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WILDWOOD — Moments after winning the Webster-Kirkwood Invitational in late March, Summit senior defender Cameron Crews conducted some research.

First, she scanned the postseason playoff schedule and jotted down when the state championship game would be played – May 25

Then, she located the date she and her family were scheduled to leave on vacation for Costa Rica – May 24.

Crews walked into the house and uttered three words to her parents. “Change that flight.”

Crews' prognostication became a reality on Thursday.

Kaila Larocque scored four goals and Crews anchored a defense that held Lafayette to its lowest offensive output of the season as Summit defeated the previously undefeated Lancers 10-6 to advance to the Missouri Scholastic Lacrosse Association championship game for the first time in school history.

Summit (17-1) will face St. Joseph’s (13-5) in the title match at 11 a.m. at John Burroughs on Saturday.

St. Joseph’s survived a fierce comeback from MICDS to win 10-9 in the other semifinal on Thursday.

The win avenges the only blemish on Summit's record - an 8-7 loss to Lafayette on May 10. In that game, the Lancers controlled the draw, gaining a sizable edge in time of possession. But the draw was one of many areas where Summit made strategic adjustments for the rematch.

Summit junior Ronnie Skorcz was tremendous in the draw circle from the outset as the Falcons controlled eight of the first 10, dominating possession time and immediately putting the Lancers on their heels.

“My job is just to get the ball in the air and away from my goal,” Skorcz said. “I give all the credit to my middies in the circle doing the work.”

Tied 1-1, the Falcons used their advantage in the draw circle to score seven successive goals, three by Larocque. The junior attacker parked herself near the left post and quick ball movement around the perimeter gave her a chance to catch the ball with space to operate.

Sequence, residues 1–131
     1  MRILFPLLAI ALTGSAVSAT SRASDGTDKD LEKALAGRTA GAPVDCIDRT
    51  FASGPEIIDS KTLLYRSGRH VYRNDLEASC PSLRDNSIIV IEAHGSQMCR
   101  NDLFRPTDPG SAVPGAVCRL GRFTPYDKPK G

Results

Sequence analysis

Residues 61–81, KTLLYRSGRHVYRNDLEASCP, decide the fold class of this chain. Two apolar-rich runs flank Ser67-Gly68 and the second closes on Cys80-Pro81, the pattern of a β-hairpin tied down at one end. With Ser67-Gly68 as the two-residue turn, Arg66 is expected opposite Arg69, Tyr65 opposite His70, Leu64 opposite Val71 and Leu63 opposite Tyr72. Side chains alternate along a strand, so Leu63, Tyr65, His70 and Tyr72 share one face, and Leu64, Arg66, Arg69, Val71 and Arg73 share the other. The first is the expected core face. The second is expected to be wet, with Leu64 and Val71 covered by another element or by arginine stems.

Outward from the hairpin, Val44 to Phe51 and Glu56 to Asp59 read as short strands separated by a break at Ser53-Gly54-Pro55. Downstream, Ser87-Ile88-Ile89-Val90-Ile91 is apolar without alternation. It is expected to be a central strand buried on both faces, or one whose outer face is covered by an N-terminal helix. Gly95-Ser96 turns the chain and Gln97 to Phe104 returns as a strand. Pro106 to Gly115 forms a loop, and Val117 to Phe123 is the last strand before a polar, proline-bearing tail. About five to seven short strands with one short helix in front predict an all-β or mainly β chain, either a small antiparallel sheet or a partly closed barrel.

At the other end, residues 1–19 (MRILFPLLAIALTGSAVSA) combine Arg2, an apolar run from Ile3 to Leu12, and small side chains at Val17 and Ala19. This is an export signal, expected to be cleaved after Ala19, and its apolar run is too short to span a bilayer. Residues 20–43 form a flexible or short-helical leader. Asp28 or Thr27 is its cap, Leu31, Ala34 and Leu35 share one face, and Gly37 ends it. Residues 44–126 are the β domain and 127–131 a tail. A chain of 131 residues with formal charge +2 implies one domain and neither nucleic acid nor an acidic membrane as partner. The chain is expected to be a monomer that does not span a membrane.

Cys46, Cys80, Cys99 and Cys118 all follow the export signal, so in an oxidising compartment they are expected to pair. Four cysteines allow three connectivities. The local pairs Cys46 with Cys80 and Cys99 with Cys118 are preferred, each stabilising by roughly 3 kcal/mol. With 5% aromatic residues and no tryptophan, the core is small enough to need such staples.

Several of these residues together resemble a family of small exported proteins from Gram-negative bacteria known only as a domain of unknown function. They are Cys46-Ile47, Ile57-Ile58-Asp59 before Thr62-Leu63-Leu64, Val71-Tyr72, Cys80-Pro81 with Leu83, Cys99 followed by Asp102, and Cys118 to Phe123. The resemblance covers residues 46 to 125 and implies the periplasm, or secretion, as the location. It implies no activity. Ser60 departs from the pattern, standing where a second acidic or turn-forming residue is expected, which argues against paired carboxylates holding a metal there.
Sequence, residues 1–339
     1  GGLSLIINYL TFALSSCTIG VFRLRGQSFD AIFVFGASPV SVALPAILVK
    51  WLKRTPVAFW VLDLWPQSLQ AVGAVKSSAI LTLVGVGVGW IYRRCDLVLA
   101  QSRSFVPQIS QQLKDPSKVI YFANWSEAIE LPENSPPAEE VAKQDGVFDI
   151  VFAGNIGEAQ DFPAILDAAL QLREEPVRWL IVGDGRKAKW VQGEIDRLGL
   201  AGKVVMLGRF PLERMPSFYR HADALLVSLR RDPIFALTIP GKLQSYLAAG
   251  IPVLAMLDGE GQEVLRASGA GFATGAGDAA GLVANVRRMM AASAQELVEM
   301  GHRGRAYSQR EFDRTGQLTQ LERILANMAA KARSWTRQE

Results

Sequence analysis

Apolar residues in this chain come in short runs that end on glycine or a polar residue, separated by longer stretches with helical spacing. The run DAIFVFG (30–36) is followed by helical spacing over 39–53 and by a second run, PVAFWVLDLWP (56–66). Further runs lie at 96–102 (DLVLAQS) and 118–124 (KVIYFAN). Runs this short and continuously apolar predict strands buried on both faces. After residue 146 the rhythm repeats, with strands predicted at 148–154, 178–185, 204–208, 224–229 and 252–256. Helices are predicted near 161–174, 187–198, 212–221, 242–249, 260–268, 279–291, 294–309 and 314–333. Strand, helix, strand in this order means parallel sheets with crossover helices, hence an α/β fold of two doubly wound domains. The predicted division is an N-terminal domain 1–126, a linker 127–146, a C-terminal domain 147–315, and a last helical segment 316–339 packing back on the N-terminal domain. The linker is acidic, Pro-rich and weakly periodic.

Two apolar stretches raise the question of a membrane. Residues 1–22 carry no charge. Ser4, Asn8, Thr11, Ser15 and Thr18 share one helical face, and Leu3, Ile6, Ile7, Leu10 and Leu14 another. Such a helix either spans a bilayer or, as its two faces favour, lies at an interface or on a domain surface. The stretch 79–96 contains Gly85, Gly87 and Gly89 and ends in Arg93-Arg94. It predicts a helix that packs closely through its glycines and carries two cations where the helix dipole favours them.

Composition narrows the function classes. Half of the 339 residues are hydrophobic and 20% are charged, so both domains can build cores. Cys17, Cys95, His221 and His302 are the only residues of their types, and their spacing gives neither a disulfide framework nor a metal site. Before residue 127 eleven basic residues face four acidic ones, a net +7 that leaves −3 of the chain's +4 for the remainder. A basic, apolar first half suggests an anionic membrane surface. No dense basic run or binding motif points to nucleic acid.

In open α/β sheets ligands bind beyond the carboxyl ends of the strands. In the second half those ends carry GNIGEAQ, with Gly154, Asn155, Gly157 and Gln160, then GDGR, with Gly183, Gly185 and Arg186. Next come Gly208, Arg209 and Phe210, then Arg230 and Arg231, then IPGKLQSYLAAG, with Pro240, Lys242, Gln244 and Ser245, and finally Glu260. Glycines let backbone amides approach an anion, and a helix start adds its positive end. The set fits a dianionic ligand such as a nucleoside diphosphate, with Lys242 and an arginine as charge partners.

“The attack was looking for me when I was open and making space for me,” Larocque said. “When the defense comes at me with their backer, I just wait for her to take a breath and then I go.”

Lauren Metzler, Skorcz, and Caroline Hager also scored in the first 20 minutes to open up a six-goal cushion.

Lafayette (20-1) had its chances in the first half. Trailing 7-1, the Lancers had three consecutive free position shots, but came up empty each time. In all, Lafayette was 0-for-7 on free position opportunities, often shooting wide or getting caught by the fleet-footed Summit defenders.

“We normally drain those,” Lafayette coach Carrie Guenzler-Heaney said. “I don’t know if we were a little tired getting off the line, but they have a solid group of defenders who are quick and strong.”

The Falcons took an 8-2 advantage into halftime and after Larocque scored her fourth goal to open the half, Lafayette sophomore Sophia Scheller tried to bring her team back.

Scheller scored goals 47 seconds apart to trim the deficit to 9-4, but she found little space to maneuver after that. Her dynamic teammate, 91-goal scorer Katherine Goddin, was shadowed all game by Summit defender Kaylee Smarr and was held scoreless.

“We knew that they had two or three main threats, but we practice against our team, which is very evenly spread out with our goals,” Crews said. “Every defender on our team is solid, because we have to go against a strong player every day at practice.”

Summit senior goalie Mya Chandler recorded eight saves as the last line of defense.

“My defense is so good at pushing the girls out and giving them awful angles to shoot at, they make my job a whole lot easier,” Chandler said.

Scheller’s third goal cut the gap to 10-6, but Summit continued to win 50-50 balls and make smart, accurate passes.

As the final seconds wound off the clock, Skorcz thought back to the Falcons’ 9-12 record last season.

“We were such the underdogs and we came out from nowhere,” Skorcz said. “I thought, ‘I can not believe this group of girls is doing what we thought we could do.’”

The Summit coaching staff had originally had a berth in the final eight as a goal.

“We told the girls that they were something special and they were going to carry us places we had never been, but we didn’t give them a ceiling,” Summit coach David Gibson said. “They’re finding their own ceiling.”

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